The Atlantinsilta bridge pushes against the winds of the Baltic Sea in Helsinki’s Jätkäsaari

To be completed this year, the Atlantinsilta bridge will connect the new neighbourhoods in Jätkäsaari with the West Terminal and make traffic smoother. The bridge will also have a tramway, which will shorten the travel time to Helsinki city centre.


As a bridge site, Atlantinsilta is among the first Building Information Model (BIM) projects for the City of Helsinki. BIM has already been implemented in many construction projects, and it is an established way of working already in all of YIT’s residential construction projects in Finland and Russia, for example. In addition, Tripla and the Blominmäki wastewater treatment plant have been praised for their Building Information Models.

The construction of Atlantinsilta has included BIM experts from YIT as well as the City of Helsinki, and the BIM has been the definitive plan.

Close cooperation gets things done

In the project, cooperation has been a resource without which the contract would not be completed. Schedules would have failed without open discussion between all parties, but when everyone involved in the project is working towards a common goal, the result will be successful.

“We have stayed on schedule even though we have faced many changes. We are in touch every day and talk things over with each other. Openness creates an atmosphere of trust on site,” says Jarno Ylönen, Atlantinsilta Project Manager at YIT.

The construction site’s team spirit also affects how swiftly the project progresses. Bridge construction is always challenging, especially when the bridge is relatively large in size and being built next to open sea. As a location, Jätkäsaari has added its own flavour to the project, but the team has conquered all challenges through cooperation.

“With the sea wind blowing around us, the significance of team work is emphasised. The project is nearing completion, and it will be completed this spring. We have survived challenging situations together by helping each other and being flexible about the boundaries of our areas of expertise,” says Risto Sell, Atlantinsilta Project Engineer at YIT.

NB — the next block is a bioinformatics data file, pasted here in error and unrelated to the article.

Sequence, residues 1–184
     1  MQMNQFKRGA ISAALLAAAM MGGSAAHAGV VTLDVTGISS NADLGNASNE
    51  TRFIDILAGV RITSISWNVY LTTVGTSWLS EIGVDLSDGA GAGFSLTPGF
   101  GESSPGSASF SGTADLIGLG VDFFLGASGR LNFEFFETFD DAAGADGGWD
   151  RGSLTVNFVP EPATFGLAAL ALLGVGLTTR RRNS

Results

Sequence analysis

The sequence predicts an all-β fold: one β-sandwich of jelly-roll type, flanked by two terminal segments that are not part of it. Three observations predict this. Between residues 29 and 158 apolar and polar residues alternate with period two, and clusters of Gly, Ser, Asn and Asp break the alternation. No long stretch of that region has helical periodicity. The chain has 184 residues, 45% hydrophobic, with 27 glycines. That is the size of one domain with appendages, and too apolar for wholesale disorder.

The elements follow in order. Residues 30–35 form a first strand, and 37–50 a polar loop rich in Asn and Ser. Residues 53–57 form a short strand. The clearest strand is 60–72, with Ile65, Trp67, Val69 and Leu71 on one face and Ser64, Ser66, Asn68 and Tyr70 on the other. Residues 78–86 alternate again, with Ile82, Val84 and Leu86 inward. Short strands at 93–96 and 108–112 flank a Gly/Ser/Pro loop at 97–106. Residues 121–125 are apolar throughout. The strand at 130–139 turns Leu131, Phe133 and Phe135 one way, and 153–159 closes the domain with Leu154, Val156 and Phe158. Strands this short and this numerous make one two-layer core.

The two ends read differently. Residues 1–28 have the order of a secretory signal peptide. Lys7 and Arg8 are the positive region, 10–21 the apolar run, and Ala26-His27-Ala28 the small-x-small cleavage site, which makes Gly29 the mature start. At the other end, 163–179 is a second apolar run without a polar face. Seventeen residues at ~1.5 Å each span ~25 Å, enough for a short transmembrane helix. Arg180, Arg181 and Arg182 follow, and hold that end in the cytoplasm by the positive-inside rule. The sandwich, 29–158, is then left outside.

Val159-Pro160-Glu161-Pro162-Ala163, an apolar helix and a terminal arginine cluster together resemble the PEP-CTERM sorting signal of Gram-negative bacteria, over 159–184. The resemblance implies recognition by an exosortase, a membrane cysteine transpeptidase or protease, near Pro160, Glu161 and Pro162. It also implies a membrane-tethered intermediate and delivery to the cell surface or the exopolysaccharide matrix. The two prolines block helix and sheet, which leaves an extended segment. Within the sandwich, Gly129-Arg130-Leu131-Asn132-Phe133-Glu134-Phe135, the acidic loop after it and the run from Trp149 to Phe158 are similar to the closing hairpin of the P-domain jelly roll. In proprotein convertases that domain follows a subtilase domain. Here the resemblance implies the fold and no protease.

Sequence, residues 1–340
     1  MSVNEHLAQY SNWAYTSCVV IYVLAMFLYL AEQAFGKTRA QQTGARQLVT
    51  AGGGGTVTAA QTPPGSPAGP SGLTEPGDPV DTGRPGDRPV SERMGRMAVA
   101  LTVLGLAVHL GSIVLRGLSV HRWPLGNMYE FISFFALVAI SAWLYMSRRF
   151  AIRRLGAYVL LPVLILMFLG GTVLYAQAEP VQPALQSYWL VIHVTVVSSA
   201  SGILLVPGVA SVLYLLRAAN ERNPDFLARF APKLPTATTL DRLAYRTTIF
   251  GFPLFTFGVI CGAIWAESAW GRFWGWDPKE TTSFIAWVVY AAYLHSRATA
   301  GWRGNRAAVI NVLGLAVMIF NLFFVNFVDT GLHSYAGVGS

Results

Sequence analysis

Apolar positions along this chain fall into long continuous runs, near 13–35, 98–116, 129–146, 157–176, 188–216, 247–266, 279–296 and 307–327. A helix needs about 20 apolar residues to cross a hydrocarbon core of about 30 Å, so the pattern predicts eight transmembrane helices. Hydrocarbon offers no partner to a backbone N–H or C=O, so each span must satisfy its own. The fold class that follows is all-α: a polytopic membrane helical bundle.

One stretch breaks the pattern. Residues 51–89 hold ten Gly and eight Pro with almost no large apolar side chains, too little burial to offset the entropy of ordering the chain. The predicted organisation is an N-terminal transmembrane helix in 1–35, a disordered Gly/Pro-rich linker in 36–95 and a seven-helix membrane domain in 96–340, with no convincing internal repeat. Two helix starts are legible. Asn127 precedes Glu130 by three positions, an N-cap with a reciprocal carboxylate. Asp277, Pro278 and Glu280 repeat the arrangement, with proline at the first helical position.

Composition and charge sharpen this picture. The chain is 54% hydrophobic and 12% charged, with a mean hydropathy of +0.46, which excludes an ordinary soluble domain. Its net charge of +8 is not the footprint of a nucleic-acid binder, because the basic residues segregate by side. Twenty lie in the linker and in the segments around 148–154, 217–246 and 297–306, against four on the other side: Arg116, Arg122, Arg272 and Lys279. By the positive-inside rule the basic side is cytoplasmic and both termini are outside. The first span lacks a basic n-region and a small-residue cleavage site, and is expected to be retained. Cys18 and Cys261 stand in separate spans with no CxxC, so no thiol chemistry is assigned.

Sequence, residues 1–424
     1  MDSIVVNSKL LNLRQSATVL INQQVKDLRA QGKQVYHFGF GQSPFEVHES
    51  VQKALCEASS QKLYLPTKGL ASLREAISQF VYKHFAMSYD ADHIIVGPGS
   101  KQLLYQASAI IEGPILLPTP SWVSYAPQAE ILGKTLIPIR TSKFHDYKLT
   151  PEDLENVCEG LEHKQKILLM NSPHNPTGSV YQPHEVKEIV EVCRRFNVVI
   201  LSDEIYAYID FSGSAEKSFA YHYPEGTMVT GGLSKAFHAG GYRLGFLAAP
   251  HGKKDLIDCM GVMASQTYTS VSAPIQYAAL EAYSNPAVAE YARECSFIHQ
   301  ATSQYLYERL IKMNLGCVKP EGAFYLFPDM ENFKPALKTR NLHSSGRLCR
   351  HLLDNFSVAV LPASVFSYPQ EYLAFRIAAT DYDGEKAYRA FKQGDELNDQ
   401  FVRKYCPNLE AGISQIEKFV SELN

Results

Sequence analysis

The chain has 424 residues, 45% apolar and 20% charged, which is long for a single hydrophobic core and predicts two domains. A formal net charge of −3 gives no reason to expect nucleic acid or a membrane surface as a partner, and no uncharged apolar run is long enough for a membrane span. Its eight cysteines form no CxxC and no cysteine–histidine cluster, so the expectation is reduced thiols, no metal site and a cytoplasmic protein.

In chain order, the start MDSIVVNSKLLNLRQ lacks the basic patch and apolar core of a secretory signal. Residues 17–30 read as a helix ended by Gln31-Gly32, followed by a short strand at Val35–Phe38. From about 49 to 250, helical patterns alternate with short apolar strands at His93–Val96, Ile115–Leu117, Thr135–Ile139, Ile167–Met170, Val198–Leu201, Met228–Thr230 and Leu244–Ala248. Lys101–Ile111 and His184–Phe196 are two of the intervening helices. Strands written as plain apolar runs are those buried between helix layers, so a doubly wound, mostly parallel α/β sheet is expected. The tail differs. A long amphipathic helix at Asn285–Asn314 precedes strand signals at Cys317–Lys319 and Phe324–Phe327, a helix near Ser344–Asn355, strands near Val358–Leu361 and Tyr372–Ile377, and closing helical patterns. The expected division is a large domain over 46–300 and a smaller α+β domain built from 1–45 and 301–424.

Sea hinders the construction

Special expertise has been in high demand because, in addition to the marine conditions, Jätkäsaari’s ground conditions are challenging and require three study pile plates covering a total of 2900 square metres. The new structures must be able to adapt to construction on landfill. In connection with the bridge construction, 16,700 metres of bored piles have been installed together with 3,500 metres of driven steel piles. With these, the bridge will withstand even a storm.

“Wind brings its own challenges for the site in Jätkäsaari, as do storms from the sea. In the autumn, storms arrived during the same week. We cleaned the shore and the work areas, checked the scaffolding at the water’s edge and moved our equipment under cover. On stormy days, we also kept our numbers low to keep our employees safe,” says Risto Sell.

The Atlantinsilta construction includes other shore construction, such as the repair of one hundred metres of an old quay, where concrete has to be cast underwater at a depth of two metres. This means the work will have to be scheduled for times when the sea is calm. 

YIT Jätkäsaari.jpg

Atlantinsilta in brief:

  • Piled lower scaffold 3,200 m2
  • Driven steel piles 3,500 m
  • Bored piles 16,700 m
  • Pile plates, 3 -> 2,900 m2
  • Shore and retaining walls, 6, wall forms 3,800 m2, thin-shell slabs
  • Caisson structures
  • The renovation work of the Melkinlaituri and Valtamerilaituri quays and erosion protection
  • Street structures
  • Steel structures
  • Special lighting
  • Concrete 18,000 m3, reinforcing works 1,800 tonnes, prestressed bar 118,000 kg


The Atlantinsilta Bridge

Bridge construction